Arrest made in death of man found behind east Indy apartment
Police have made an arrest in the death of a man found in a carport at an east Indianapolis apartment complex.
The man's body was found by a maintenance worker at the Bankers Lane Apartments at East Washington St. and Wallace Lane.
The victim was later identified as 56-year-old Andre Brown of Indianapolis. Detectives arrested 53-year-old James Satterfield of Indianapolis for Brown's murder. Satterfield turned himself into police Thursday.
Police responded to a report of shots fired near 28 Wallace Avenue at 7 a.m. Wednesday, but did not find anything.
More than two hours later, the worker reported finding the body at 24 Wallace Lane, which is just south of East Washington Street. Police have not confirmed the man died of a gunshot wound, only describing the death as "suspicious." They have no suspects in the case.
"It's getting terrible out here," said 59-year-old Phillip Norton, who lives in the neighborhood. "It's tough out here nowadays. It's a different world. All this killing, it's out of control."
Investigators say Brown had some kind of trauma to his body, but would not elaborate on what his injuries were. An autopsy Thursday should reveal how he died.
Investigators are also not saying if they think the Brown's death is related to the call for shots fired.
"I said, 'No, I have to see the body,' 'cause it could be my son, you know," said Patricia Wilson who lives in the building behind which the man was found.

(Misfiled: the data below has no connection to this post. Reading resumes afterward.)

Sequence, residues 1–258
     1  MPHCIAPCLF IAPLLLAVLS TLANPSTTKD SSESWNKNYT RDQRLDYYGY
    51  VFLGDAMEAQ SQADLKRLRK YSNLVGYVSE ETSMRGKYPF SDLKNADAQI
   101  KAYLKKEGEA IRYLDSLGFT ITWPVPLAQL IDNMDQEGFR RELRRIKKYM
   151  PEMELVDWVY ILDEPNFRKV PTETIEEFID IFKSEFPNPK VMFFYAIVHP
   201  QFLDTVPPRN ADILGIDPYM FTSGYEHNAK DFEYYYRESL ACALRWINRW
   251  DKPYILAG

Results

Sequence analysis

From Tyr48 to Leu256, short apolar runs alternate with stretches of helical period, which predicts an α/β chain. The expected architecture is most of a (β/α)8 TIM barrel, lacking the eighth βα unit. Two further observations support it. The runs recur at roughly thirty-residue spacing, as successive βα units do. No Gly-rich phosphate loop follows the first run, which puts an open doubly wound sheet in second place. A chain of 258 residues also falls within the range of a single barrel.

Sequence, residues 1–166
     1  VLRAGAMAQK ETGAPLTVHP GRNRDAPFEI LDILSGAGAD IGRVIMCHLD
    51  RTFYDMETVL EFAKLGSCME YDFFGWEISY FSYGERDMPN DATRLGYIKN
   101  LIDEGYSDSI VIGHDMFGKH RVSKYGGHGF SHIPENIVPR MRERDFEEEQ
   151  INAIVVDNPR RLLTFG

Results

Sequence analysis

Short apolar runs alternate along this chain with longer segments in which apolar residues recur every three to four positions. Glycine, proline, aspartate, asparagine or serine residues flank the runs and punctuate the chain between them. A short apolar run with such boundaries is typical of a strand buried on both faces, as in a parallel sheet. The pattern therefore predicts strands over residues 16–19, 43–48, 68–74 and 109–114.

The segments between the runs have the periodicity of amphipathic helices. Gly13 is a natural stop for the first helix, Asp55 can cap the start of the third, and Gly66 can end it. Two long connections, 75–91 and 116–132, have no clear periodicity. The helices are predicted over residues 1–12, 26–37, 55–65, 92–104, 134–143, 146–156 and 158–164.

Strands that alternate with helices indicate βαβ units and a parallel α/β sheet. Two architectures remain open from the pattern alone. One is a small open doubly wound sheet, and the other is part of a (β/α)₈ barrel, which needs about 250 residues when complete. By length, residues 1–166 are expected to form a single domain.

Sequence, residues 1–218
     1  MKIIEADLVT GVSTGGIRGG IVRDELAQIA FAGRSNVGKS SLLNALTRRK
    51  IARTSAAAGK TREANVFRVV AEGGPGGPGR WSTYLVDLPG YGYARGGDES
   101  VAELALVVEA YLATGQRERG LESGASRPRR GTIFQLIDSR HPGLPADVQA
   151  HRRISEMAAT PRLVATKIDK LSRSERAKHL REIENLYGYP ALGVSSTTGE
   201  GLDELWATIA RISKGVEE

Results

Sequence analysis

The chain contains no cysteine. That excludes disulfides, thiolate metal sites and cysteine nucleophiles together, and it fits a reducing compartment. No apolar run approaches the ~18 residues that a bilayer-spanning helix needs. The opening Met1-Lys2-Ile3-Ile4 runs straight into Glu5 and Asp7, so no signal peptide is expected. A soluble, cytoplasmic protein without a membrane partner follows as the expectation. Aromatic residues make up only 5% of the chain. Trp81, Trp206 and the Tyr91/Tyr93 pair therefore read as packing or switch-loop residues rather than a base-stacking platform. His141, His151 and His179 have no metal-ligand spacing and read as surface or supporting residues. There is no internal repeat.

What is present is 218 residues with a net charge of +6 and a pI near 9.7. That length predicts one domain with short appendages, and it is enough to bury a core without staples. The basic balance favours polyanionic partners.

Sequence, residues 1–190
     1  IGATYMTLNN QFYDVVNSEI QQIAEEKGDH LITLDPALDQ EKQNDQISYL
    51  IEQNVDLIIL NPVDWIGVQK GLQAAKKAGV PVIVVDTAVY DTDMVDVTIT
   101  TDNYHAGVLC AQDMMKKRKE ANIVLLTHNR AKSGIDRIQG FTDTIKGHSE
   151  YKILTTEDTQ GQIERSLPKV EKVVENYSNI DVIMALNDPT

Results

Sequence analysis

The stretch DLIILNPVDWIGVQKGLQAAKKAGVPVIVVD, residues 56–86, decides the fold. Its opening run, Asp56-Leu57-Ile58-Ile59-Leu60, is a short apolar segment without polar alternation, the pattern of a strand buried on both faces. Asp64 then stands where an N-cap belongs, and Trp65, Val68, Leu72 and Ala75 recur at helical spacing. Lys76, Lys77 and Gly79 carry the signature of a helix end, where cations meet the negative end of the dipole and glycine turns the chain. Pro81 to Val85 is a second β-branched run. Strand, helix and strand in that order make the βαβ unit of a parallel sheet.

Wilson said she was relieved to discover it wasn't her son.
"I was, like, 'Thank you, Jesus'," she said.
Wilson said her son lives with her, but never came home last night.
"I haven't able to get a hold of him yet," she added.
Still, said Wilson, the man found behind her building, was someone's child.
"Some mother, some brother, some sister, some relative done lost a relative," said Wilson.
For Wilson, the crime she sees all around these days, comes down to one thing.
"People, they just have a lack of spirituality. I believe they need God," said Wilson.
"We can't pray our way out of this," said Norton, who believes it's going to take more. "We have to reach out and grab a youth, you know. Everyone touch one. We need more mentors, too."
Norton says he already mentors two young men on the far east side of the city.
"We see the fathers are here, but we don't know where they are," Norton said of a lot of the city's youth.
Without more fathers involved or mentors stepping up to take their place, Norton said the crime scene tape strung across his east side neighborhood today will be hanging in someone else's neighborhood tomorrow.
"It's to a point now, where we have to take a stand. Everybody has to stand up. If you seen something, say something. To me, it's just pathetic," he said.